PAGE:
Sir Winston Churchill among other accomplishments loved laying bricks in mortar and painting canvases with oils but unfortunately nobody has devised a way to ship his admirable brick walls around the world for enthusiasts to see.

His paintings, on the other hand, are on display in the Smithsonian Castle and when I went by to see them there was a jolly crew milling about gnawing on beef (eye of the round) washed down with orange juice, gin, etc. Later there was a buffet at the British Embassy ($300 a couple) to benefit the Royal Oak Foundation, a British charity.

Mary Churchill (Lady Soames), Churchill's daughter, managed to chat with everybody in the room, and said, when something came up about history (for Churchill was a historian) that once an American spoke of the Revolution, and Churchill said, "Oh, you mean the War Between Us and We."

Donald E. Smiley, a vice president of Exxon, which made the show possible, let it out that the Smithsonian secretary, S. Dillon Ripley II, was observing his 70th birthday, so there was a good bit of congratulatory traffic in that direction. Mary Ripley, his wife, is newly back from Connecticut where she has become rather a master mason herself, and when workmen had trouble with a small leaking ornamental waterfall in the garden, mixed up glop and fixed it all herself. As everyone knows, who has sloshed about with mortar of various sorts, this is the quickest route to human triumph.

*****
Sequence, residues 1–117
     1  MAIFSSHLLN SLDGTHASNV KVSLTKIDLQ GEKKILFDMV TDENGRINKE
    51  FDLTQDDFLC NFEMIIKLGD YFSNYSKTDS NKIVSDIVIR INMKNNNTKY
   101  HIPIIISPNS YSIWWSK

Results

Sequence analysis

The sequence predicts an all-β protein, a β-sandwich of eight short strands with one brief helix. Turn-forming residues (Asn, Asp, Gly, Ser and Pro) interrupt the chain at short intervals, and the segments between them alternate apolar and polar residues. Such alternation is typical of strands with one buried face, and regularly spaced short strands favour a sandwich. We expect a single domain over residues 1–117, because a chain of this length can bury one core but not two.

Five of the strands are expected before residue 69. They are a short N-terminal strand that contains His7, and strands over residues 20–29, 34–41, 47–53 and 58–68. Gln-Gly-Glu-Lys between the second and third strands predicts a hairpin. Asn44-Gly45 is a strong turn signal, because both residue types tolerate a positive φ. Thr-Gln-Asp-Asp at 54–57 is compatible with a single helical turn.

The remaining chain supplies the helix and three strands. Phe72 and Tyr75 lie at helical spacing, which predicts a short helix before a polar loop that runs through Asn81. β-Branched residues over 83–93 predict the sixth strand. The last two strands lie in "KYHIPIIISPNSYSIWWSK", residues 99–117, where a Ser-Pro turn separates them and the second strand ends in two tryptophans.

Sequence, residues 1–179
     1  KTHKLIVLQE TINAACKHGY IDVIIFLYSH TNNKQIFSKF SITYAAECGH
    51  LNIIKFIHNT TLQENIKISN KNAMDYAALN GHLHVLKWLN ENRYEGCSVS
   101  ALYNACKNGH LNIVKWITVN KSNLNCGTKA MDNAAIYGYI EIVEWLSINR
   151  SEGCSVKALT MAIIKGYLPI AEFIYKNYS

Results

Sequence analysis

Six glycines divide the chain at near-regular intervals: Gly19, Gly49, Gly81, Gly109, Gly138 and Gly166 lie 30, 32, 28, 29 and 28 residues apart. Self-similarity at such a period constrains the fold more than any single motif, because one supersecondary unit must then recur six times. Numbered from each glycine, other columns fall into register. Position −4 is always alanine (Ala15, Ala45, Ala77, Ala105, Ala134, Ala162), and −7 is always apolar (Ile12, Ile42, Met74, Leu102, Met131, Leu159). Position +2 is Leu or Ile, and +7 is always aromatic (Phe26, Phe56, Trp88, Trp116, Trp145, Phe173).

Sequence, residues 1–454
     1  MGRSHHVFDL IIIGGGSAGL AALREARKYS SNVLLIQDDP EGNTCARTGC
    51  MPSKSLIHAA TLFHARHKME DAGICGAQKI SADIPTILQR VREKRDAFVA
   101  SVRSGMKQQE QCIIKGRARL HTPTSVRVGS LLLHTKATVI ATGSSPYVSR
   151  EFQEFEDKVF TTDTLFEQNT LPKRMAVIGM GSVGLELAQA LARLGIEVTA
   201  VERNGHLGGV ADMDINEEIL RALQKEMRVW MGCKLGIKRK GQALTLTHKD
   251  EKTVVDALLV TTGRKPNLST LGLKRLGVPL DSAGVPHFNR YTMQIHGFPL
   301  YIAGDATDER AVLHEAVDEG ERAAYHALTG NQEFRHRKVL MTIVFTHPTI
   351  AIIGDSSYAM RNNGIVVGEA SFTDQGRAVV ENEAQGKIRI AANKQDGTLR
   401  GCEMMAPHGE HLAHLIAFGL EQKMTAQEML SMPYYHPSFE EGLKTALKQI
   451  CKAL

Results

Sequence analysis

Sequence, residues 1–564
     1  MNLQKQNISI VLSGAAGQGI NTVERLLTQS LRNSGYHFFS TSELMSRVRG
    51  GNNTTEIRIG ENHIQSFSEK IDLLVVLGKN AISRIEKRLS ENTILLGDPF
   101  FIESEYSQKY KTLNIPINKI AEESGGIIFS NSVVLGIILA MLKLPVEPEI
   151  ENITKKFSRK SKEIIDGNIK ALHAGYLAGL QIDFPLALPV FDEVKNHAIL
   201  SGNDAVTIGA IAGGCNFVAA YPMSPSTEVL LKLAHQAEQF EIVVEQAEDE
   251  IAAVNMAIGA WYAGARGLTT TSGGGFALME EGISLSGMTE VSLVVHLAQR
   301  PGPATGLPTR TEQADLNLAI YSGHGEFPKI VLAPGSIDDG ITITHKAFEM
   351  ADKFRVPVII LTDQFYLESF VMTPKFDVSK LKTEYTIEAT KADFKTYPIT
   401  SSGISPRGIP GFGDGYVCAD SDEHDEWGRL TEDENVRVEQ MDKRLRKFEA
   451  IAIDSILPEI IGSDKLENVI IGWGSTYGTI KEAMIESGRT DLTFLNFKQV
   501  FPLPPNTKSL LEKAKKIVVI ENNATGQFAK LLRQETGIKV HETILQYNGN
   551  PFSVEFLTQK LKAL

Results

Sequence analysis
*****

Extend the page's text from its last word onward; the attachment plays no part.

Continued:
A frequent visitor to Chartwell, the Churchills' house in Kent, Kay Halle spotted the big (and to be plain, rather somber) picture of wine bottles. When she first saw it at the house she asked Churchill if it wasn't an old Dutch master? He said, "Dutch? You mean my bottlescape?"

During the Hitler war, Churchill had no time for painting and only stole time for one in all those years, in North Africa. But even in the grimmest hours he kept up with small human details and often found a laugh. Once his secretary showed him a newspaper item, a man in his eighties, in bitter winter cold, was arrested in Hyde Park for making unwelcome advances to a nubile lady. "Makes you proud to be an Englishman, doesn't it?" Churchill said.

Halle is preparing a new edition of her out-of-print 1965 book on Churchill's wit, and now that so many years have passed is including some naughty examples. Well, that's today's climate for you.

Not many people know that when the bronze statue of Churchill in front of the British Embassy was in a clay model, Halle took a look at it and said the collar was too tight--Churchill never wore tight collars. Well, said the sculptor, if you know so much about it, get up there and fix it, so Halle climbed up and loosened it.

There is something irresistible in fragments you overhear in Washington, and you need not be astonished at, "There was nothing wrong with Jefferson's blues, but his yellows could be pretty bad." Before charging in to defend Jefferson's yellows, you do well to discover the man talking is Frederick Nichols, long a professor of architecture at the University of Virginia and a man who knows more about Jefferson's buildings, including his colors, than Jefferson did. And his comments were directed at Wilton Dillon, one of those Smithsonian wheels whose head is jammed with information nobody else has. Recently Dillon brought a Japanese authority on the gypsies of France to address a group, and if the subject of hedgehogs ever comes up, Dillon is one of the few people in Washington who knows French gypsies eat them.